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[iv] Zemke, R., Raines, C., Filipczak, B. (2013) Generations at Work (2nd edition) New York, NY, AMACOM.
Have you ever had something that you really wanted to do but you couldn’t imagine how to find the time to do it? Whether it’s taking on a big project or challenge at work, volunteering in the community, or developing an exercise routine, it can look impossible to add a new thing to an already full schedule. We wish we had more hours in the day or more days in the week. We schedule ourselves to the minute and often lose energy just trying to find more time.
What about finding more balance between work and life? Thinking about work / life balance leads me to the place where I can only see the scarcity of time. Putting work on one side of the scale and life on the other lumps too many important things (projects, mentoring, career development, family, community, health) into two time-starved categories. I find that I still don’t have enough time. When I try to put my time into work / life compartments, I miss opportunities to find harmony between the things I do, like applying lessons learned from one arena to another or combining activities like having a “walking” work meeting.
The idea of harmony, however, paints a whole picture that works together, not something that can be lost with one careless step. The Oxford English Dictionary defines harmony as a “Combination or adaptation of parts, elements, or related things, so as to form a consistent and orderly whole; agreement, accord, congruity.”
Years ago when I was leading a team in a large organization, I was intrigued by what motivated individuals and teams to act in certain ways and why my experience ranged from a mountaintop high to a slog through a swamp. I yearned to go back to school to study organizational psychology, but I couldn’t figure out how to balance this with all my other responsibilities. Time passed and through an amazing convergence of events, I decided that I couldn’t NOT go back to school. Once I got past my own obstacle and committed to making a change, I shifted my focus from contemplating my dream to making it happen. The best day was of course finding out I was accepted into the program.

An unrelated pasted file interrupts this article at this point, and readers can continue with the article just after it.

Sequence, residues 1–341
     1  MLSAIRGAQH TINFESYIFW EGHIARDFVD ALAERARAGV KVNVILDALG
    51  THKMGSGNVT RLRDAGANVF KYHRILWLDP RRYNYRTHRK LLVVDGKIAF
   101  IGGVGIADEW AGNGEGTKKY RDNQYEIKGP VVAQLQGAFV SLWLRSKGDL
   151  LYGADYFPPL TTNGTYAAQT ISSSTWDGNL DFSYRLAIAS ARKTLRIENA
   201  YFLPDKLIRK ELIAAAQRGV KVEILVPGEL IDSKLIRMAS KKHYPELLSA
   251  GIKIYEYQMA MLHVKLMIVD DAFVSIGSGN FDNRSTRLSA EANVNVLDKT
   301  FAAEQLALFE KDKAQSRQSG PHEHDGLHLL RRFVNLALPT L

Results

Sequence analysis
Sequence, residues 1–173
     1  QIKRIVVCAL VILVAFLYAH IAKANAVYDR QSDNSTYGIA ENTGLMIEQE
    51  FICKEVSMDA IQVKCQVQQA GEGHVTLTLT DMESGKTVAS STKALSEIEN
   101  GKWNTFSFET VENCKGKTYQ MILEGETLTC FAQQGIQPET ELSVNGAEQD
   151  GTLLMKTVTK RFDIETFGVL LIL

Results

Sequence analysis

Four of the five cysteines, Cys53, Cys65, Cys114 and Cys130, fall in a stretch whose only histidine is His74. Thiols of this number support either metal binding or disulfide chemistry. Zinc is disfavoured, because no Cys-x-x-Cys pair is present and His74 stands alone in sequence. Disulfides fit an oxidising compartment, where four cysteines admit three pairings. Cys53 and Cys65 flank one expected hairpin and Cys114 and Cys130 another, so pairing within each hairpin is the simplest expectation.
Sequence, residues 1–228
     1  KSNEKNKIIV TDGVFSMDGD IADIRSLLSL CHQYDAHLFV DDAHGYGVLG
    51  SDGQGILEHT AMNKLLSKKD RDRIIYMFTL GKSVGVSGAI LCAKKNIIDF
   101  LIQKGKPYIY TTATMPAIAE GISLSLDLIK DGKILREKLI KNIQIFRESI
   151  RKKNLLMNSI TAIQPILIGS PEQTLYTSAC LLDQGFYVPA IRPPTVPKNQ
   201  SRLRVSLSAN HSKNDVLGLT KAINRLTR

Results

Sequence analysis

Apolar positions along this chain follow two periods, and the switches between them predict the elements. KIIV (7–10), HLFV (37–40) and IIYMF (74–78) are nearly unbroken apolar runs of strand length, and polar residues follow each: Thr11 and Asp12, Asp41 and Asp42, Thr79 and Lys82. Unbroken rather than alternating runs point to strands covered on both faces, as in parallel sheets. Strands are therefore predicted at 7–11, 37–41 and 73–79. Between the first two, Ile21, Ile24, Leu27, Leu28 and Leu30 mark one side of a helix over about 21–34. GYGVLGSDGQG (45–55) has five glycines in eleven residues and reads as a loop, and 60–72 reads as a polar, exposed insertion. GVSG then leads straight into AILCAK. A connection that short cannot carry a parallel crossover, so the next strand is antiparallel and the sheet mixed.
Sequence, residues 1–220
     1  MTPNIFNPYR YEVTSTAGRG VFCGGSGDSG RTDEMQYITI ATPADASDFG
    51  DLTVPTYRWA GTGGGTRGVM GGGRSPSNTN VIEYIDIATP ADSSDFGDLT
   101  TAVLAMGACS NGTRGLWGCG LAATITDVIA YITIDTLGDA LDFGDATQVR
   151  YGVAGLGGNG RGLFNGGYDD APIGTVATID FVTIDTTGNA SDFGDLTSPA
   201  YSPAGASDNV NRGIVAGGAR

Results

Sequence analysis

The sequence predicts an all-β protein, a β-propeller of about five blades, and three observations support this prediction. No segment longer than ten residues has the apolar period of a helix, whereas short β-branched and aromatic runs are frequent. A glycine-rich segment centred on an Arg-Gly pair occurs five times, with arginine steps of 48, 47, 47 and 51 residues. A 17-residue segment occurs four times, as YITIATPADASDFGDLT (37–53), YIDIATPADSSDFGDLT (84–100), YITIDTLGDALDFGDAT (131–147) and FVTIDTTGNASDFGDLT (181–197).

Making room for important things
The subsequent challenge was finding time to work, study, stay fit, and spend time with loved ones. I scrutinized my time to see where I was spending time that didn’t align with my top priorities and stopped doing some things, at least for a period of time. I carefully set expectations about my lack of availability. I found new ways to combine activities. My husband and I would read and exercise together, thus combining time together with other studying and fitness activities. As my school workload increased, and the harmony became more discordant, I adjusted my schedule by finding a rare part—time opportunity which gave me one more precious day for homework. I even tracked my time in a spreadsheet to ensure that I was devoting time to the most important things. Two years of creatively finding ways to continue to eat, sleep, exercise, work, study, and connect with loved ones eventually enabled me to graduate.
When I reflect on that time and ask if my life felt balanced, I would have to say that it wasn’t. When tests came up or papers were due, or something urgent required attention, the scales tilted sharply to allow for the focus I needed to get the job done. Yet I was completely engaged, no time felt wasted, and I gained new insights into organizational behavior that had previously mystified me. Being able to study and work gave me a front row seat into how theories played out in the world of work. The combination was powerful. Being fully engaged in the things that are important to me is a critical indicator of my own sense of harmony.